AA - Feb 2021

Author: Samuel Seeff
Samuel Seeff is chairman of the Seeff Group
24 February 2021

Positive budget welcome news for homeowners and consumers

Finance minister Tito Mboweni presented a “positive budget” under challenging circumstances, perhaps the most challenging over the last 27 years. We welcome the focus on economic recovery, relief for households, vaccinations and the various reforms proposed, including in corporate tax, the public sector wage bill and state-owned enterprises.

We are delighted that instead of facing tax hikes, Treasury is providing tax relief in the form of a 5% adjustment in the personal income tax brackets which should bring relief for low- to middle-income earners especially.

A missed opportunity is perhaps that transfer duty, including the R1m exemption threshold remains unchanged. Some relief here, especially at the higher end where transfer duty was increased three years ago could have gone a long way in driving higher sales in the property market and in turn higher transfer duty revenue and economic contribution.

While capital gains tax and VAT remain unchanged, consumers and household budgets will need to absorb increases such as the 15.63% electricity hike from 1 April along with a 26c per litre increase in the fuel levy which will affect their cost of living and eat into household budgets and will offset some of the personal tax savings provided.

Job creation

Other positive aspects of the budget include the significant focus on job creation with an overall allocation of nearly R100bn which includes an infrastructure budget as well as short-term job creation initiatives across various departments. The increases in the pensions and social grants are also welcome news for the economy.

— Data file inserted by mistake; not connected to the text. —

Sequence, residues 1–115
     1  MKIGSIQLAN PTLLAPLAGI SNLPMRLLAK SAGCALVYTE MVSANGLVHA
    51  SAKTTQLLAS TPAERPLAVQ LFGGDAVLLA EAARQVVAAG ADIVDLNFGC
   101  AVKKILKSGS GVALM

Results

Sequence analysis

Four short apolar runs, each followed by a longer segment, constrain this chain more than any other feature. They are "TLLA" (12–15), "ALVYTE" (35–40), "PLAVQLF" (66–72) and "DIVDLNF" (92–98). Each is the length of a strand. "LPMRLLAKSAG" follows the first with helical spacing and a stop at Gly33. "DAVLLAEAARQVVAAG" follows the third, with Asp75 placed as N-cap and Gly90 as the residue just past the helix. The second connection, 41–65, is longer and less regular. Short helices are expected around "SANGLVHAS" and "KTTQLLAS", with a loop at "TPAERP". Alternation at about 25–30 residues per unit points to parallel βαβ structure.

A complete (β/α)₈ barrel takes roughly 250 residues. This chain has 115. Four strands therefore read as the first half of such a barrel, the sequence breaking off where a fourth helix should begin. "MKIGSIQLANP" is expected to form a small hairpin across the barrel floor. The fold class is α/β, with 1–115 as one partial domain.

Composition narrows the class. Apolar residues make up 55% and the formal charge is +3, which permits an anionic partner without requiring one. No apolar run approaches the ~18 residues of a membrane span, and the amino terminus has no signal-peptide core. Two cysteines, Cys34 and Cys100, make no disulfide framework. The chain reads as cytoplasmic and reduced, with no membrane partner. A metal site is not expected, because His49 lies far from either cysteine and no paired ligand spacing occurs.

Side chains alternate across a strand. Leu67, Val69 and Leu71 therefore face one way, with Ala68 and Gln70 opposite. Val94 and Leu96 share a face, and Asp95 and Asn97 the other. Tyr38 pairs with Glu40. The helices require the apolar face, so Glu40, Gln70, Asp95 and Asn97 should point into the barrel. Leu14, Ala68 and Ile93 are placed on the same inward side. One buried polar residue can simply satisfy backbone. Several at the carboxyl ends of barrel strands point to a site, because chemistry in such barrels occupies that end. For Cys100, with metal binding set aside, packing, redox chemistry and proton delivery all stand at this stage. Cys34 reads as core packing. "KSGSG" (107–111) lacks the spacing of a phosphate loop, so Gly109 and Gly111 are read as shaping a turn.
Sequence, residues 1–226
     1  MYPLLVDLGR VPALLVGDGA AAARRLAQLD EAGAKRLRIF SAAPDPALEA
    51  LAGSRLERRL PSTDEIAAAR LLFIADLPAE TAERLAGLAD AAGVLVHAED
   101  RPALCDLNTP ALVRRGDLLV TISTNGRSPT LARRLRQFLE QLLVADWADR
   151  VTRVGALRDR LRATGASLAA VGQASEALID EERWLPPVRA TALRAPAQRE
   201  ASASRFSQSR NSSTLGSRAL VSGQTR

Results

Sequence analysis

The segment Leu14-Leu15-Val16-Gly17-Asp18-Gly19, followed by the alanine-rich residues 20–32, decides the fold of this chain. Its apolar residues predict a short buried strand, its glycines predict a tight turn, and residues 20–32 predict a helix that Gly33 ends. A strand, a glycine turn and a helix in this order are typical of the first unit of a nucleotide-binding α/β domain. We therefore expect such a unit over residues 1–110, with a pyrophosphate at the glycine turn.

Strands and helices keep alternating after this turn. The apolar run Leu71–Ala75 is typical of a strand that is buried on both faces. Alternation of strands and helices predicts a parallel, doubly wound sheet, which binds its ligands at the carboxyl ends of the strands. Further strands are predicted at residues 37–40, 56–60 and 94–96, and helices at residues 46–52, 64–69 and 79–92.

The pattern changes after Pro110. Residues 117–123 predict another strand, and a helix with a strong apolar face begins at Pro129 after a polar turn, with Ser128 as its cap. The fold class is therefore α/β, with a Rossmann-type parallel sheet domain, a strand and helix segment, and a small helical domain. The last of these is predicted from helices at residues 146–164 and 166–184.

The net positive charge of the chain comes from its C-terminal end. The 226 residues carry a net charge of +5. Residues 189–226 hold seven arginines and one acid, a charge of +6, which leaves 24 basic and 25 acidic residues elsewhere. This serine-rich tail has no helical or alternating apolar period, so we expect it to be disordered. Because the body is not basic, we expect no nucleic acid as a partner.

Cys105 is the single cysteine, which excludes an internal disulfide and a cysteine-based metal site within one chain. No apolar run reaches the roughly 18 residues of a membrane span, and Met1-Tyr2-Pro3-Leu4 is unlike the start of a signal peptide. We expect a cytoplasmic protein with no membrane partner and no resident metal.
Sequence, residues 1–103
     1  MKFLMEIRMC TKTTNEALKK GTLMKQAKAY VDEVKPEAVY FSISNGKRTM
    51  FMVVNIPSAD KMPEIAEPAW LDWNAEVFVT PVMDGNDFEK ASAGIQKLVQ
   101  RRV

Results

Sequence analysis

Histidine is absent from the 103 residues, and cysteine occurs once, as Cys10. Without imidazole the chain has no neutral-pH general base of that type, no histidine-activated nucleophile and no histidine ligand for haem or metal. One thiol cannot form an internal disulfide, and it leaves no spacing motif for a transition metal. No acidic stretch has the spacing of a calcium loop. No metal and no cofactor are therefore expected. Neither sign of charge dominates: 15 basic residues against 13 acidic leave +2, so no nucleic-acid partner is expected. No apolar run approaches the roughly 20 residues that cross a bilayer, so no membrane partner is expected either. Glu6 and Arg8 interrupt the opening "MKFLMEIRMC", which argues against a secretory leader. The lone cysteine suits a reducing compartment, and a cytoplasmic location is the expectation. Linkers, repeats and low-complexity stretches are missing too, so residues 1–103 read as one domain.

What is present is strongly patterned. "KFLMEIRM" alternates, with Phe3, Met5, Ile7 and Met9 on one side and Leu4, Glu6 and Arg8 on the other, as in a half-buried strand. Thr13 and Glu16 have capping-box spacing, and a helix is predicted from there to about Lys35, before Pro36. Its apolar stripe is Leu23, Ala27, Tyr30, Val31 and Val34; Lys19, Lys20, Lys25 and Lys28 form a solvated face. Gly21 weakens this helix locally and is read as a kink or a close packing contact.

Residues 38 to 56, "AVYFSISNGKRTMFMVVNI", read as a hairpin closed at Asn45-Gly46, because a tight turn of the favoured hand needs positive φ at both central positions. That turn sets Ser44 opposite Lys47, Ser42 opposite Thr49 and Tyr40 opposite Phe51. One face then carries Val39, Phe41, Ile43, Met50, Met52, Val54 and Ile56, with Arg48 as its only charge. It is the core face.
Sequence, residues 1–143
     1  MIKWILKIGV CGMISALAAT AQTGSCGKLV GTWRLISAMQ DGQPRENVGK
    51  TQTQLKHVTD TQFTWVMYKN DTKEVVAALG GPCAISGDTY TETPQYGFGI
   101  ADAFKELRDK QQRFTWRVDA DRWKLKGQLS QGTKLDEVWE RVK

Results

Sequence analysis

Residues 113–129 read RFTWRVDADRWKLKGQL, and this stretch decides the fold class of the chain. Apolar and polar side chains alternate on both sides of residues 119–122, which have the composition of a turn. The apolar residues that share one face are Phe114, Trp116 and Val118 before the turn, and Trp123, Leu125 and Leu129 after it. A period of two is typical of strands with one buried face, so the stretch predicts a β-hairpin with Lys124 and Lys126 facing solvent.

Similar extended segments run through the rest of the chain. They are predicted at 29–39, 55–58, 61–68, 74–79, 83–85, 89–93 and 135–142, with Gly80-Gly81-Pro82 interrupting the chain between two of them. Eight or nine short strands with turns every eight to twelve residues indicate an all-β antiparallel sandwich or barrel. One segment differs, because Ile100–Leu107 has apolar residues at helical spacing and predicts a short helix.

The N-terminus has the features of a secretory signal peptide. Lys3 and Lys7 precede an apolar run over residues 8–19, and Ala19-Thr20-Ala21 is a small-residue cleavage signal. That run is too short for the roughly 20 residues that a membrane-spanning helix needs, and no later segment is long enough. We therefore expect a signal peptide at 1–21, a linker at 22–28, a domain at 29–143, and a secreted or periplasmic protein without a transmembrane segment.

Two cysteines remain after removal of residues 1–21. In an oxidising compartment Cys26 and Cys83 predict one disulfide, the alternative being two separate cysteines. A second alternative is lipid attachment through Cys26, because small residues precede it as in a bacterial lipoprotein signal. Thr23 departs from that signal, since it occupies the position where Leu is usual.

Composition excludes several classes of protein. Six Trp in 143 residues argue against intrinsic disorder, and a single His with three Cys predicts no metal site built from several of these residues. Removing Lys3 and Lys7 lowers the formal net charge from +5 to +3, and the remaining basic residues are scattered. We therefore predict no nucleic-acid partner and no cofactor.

The minister further noted that South Africa’s economy is expected to rebound by 3.3% following a 7.2% contraction in 2020. Global growth is expected at 5.5%, spurred by vaccine roll-outs, China at 8.1%, India at 11.5% and SADC at 3.2%.

Given that the latest inflation rate of 3.2% as at January is still well within the Reserve Bank’s target range, the outlook for the interest rate remains positive and property buyers can still take advantage of the five-decade low borrowing costs.

It remains one of the best times ever to buy property and we expect the market outlook to remain positive based on current conditions. As we have seen over the last year, the bulk of the activity will be below R1.5m and up to R3m in the high-end areas.

The bank lending climate remains favourable for qualifying homebuyers but sellers on the other hand will need to continue pricing competitively.

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